Risk Management planning for aviation maintenance business
Aviation mechanics are not the type of people to sit still. The nature of their aptitude and personality causes them to create, improve, and change. They consistently look for opportunities and generally are not content to just let things happen.
During times when airline jobs are drying up, we see many airline mechanics inquire about starting their own businesses. Many seek to offer specialized service back to the airlines on a contract basis. Others seek to open their own shops, often leaving the airline world and making the move to the general aviation side of the aviation service industry. When a career “employee” changes hats to become “the boss” as a business owner, they are required to consider aspects of the business that have never really been of concern to them before. When their business is responsible for repair and service of aircraft, liability and risk management issues should come very near the top on the list of concerns.
Aviation maintenance shops differ vastly, one to another. Large, independent, and FBO shops employ many personnel. They do regular maintenance and heavy inspections on large, turbine-powered commercial and corporate aircraft. At any one time, these shopsmay house many aircraft, worth tens of millions of dollars, collectively. At the other end of the spectrum is the lone Aircraft Technician, working from a small building at the local general aviation airport. These shops focus on oil changes and scheduled inspections of light singles and the occasional twin. They do minor repairs and removal and replacement of parts and components. In the middle are the countless medium-sized maintenance shops, overhaul facilities, paint shops, avionics repair and service, non-destructive testing technicians, and others. Although these shops differ in size, scope of work performed, and revenue, they all share similar risk situations.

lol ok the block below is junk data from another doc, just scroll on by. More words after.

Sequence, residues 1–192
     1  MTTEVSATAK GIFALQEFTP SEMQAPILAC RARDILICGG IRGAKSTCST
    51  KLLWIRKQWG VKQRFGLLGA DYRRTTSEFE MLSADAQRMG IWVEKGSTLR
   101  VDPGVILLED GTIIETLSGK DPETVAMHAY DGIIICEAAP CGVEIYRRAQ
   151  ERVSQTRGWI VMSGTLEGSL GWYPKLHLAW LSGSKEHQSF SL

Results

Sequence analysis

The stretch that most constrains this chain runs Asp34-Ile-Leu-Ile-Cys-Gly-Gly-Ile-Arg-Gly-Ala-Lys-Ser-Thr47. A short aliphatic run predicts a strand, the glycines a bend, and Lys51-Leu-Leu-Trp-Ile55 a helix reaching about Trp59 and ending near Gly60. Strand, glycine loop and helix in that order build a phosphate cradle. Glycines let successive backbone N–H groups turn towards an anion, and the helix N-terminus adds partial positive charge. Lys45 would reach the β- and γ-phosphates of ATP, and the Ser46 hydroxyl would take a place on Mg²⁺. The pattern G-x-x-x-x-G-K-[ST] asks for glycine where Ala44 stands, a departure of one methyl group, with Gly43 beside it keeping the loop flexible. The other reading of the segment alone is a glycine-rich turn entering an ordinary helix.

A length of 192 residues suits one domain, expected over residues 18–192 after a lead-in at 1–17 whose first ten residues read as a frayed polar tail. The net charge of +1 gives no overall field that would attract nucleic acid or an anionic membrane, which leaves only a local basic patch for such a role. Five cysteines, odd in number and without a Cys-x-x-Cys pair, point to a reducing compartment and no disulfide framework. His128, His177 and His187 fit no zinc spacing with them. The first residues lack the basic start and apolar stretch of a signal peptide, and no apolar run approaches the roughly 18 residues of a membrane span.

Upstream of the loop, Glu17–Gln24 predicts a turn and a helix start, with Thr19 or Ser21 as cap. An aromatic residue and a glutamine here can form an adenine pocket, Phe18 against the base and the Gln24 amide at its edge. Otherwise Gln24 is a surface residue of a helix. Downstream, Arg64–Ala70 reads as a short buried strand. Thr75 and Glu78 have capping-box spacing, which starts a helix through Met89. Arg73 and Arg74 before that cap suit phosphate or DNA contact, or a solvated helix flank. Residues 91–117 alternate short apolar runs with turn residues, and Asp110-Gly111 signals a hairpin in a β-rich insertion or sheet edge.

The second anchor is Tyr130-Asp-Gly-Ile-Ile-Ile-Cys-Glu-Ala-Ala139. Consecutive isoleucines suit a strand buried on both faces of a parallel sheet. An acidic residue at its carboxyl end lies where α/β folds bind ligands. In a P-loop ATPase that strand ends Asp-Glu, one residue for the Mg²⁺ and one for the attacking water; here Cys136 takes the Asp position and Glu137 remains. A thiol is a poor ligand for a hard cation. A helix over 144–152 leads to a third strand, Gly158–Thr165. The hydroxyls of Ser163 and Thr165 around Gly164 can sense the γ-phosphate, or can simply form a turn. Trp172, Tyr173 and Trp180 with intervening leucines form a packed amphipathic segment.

Liability Risks in Aviation Maintenance
In a litigious society, all business owners, whether they operate a shoe store, a parking garage, or an aircraft maintenance shop, are at risk from liability for injuries to the general public or property damage caused by the business’s negligence – or alleged negligence. This generalized liability is not necessarily specific to the type of business and can include slip and fall claims, false advertising, libel and slander, claims for injuries, or damages from unsafe conditions, etc. A business’s exposure to these losses depends mostly on the extent of the business’s exposure to the public. Businesses with high levels of public traffic, like a retail store or movie theater, have high exposures to injury or damage losses arising from their physical facilities. When businesses have little physical public interaction, like an Internet or office-based service business, the general liability exposure may shift toward legal or statutory damages, like false advertising or copyright infringement. Aviation businesses are no different. All have general liability exposure of some kind, depending on their interaction with the public.